5. #15
    Join Date
    Feb 2009
    Location
    Wisconsin
    Posts
    1,343

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    We would not recommend an electrician either. The problem came from the ones who were not recommended. they felt the power company had favorites and where loosing business by not being on the favored list. They wanted the customer to choose and paid big money to put a larger ad in the Phone book or advertize in a big way, and the power company had no business making decissions for customers like that. So we got instructed not to recommend anyone. I had a few times I felt bad for the home owners but couldn't help in that way. I could tell them what was wrong so they understood what they needed and not get flimflammed, but didn't recommend anyone.

  6. #16
    Join Date
    Aug 2002
    Location
    Northern Michigan
    Posts
    1,716

    Default We generally repair meter bases

    We provide the base for new construction. There are two other utilities in out service area. If the member uses a meter base from someone else, we don't repair it. We provide a new base and let the member hire an electrician. But in most cases we repair an old one. Although, we do come a cross an old 60 amp base once in a while. No more parts for them.
    Note to self, just because it pops into my head doesn't mean it should come out of my mouth.

  7. #17
    Join Date
    Oct 2006
    Location
    South East Texas
    Posts
    3,278

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    We had one electrician in town that never ever threw away anything. He had piles n piles of stuff he had taken out over the years n seperated it into groups. So If a customer needed a part for a 60 amp can 9 times outta 10 he had it. Or a discontinued breaker, a lid for a meter can, didnt matter. I,ve seen him use scrap wire in the service riser to help hold down the costs for less wealthy folks.When he retired some years ago he sold his business to the journeyman he trained as an apprentice and worked under him for years. both really good guys and honest as the day was long.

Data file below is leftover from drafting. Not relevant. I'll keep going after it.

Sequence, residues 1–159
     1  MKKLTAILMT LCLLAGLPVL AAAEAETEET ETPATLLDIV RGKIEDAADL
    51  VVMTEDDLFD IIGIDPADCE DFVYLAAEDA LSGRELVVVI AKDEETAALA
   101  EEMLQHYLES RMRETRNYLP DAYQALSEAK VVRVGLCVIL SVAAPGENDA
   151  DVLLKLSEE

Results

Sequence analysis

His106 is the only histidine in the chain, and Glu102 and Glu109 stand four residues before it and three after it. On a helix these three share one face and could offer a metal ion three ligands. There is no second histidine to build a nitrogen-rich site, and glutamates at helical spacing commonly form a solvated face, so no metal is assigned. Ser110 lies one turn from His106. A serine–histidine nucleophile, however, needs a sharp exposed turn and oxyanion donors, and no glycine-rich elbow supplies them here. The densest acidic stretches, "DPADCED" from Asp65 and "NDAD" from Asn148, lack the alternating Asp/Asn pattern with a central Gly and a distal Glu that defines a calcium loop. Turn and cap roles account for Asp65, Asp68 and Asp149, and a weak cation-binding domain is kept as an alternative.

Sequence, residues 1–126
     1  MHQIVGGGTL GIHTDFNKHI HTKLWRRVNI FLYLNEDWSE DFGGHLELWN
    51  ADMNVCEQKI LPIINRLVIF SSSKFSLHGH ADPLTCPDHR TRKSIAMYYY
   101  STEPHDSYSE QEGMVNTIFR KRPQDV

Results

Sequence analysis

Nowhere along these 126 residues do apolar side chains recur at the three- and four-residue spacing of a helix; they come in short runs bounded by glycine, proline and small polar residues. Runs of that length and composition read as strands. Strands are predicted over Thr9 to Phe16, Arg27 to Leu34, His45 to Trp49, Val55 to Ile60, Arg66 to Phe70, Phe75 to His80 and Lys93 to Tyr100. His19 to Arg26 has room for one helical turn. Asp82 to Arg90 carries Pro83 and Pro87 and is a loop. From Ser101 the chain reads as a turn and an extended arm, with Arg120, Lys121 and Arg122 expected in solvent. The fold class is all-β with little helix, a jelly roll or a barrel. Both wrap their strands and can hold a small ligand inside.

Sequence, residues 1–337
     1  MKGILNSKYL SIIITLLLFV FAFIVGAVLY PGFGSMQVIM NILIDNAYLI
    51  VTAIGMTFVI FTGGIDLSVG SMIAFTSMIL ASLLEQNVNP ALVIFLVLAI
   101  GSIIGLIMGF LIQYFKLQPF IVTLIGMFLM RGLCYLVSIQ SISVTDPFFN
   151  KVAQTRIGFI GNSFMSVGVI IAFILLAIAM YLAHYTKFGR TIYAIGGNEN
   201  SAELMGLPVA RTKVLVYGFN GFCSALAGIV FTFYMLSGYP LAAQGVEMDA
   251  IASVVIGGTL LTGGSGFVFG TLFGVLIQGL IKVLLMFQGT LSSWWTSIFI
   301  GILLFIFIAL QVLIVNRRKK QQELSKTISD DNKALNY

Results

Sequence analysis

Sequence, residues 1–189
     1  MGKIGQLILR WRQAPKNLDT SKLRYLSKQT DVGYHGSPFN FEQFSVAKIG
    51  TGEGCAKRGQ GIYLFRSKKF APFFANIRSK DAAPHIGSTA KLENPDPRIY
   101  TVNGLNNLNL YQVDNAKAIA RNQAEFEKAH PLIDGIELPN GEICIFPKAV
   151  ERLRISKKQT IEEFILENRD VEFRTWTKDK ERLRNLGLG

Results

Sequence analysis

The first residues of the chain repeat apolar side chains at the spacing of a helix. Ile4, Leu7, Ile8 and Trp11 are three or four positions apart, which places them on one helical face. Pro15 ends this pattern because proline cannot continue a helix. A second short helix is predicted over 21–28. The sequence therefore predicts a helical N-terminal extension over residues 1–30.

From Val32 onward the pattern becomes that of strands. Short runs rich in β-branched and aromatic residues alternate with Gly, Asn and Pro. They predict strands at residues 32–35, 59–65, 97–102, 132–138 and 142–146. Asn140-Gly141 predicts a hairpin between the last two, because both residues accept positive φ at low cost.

8. #18

    Default seen guys like that

    Quote Originally Posted by Pootnaigle View Post
    We had one electrician in town that never ever threw away anything. He had piles n piles of stuff he had taken out over the years n seperated it into groups. So If a customer needed a part for a 60 amp can 9 times outta 10 he had it. Or a discontinued breaker, a lid for a meter can, didnt matter. I,ve seen him use scrap wire in the service riser to help hold down the costs for less wealthy folks.When he retired some years ago he sold his business to the journeyman he trained as an apprentice and worked under him for years. both really good guys and honest as the day was long.
    ......Poot Ive seen people like that,they will save a piece for 20 yrs before ever using it..........comes in handy............but sometimes a backyard can start looking like Sanford & Sons yard..........we still have a few Lamonts here in Houston.

  9. #19
    Join Date
    Oct 2006
    Location
    South East Texas
    Posts
    3,278

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    Ummmmm this wuznt in his backyard it wuz at his shop. I dont bleve he ever threw away even a peice of conduit. It literaly took up a half acre and was piled so high you couldnt see over it.I think just before he retired he sold it all off for scrap metal prices.

  10. #20

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    Quote Originally Posted by Pootnaigle View Post
    Ummmmm this wuznt in his backyard it wuz at his shop. I dont bleve he ever threw away even a peice of conduit. It literaly took up a half acre and was piled so high you couldnt see over it.I think just before he retired he sold it all off for scrap metal prices.
    poot read your pm box,im writing now..give me a few